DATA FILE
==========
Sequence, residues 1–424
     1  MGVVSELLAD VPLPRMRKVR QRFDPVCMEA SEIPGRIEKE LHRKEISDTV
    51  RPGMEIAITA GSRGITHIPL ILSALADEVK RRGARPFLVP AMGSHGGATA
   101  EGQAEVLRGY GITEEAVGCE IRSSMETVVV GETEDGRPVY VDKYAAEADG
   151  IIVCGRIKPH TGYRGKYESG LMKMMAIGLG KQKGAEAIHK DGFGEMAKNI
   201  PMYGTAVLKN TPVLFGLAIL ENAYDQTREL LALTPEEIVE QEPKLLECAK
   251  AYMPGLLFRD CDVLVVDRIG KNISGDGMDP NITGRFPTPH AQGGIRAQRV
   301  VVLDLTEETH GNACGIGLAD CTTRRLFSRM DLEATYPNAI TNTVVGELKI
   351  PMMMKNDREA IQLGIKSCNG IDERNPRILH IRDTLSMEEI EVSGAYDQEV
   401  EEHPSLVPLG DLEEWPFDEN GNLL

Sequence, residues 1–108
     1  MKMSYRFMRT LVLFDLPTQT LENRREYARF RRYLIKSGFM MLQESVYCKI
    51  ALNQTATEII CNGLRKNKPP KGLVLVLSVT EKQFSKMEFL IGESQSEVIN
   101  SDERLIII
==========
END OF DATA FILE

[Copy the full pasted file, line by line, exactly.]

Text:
Sequence, residues 1–424
     1  MGVVSELLAD VPLPRMRKVR QRFDPVCMEA SEIPGRIEKE LHRKEISDTV
    51  RPGMEIAITA GSRGITHIPL ILSALADEVK RRGARPFLVP AMGSHGGATA
   101  EGQAEVLRGY GITEEAVGCE IRSSMETVVV GETEDGRPVY VDKYAAEADG
   151  IIVCGRIKPH TGYRGKYESG LMKMMAIGLG KQKGAEAIHK DGFGEMAKNI
   201  PMYGTAVLKN TPVLFGLAIL ENAYDQTREL LALTPEEIVE QEPKLLECAK
   251  AYMPGLLFRD CDVLVVDRIG KNISGDGMDP NITGRFPTPH AQGGIRAQRV
   301  VVLDLTEETH GNACGIGLAD CTTRRLFSRM DLEATYPNAI TNTVVGELKI
   351  PMMMKNDREA IQLGIKSCNG IDERNPRILH IRDTLSMEEI EVSGAYDQEV
   401  EEHPSLVPLG DLEEWPFDEN GNLL

Sequence, residues 1–108
     1  MKMSYRFMRT LVLFDLPTQT LENRREYARF RRYLIKSGFM MLQESVYCKI
    51  ALNQTATEII CNGLRKNKPP KGLVLVLSVT EKQFSKMEFL IGESQSEVIN
   101  SDERLIII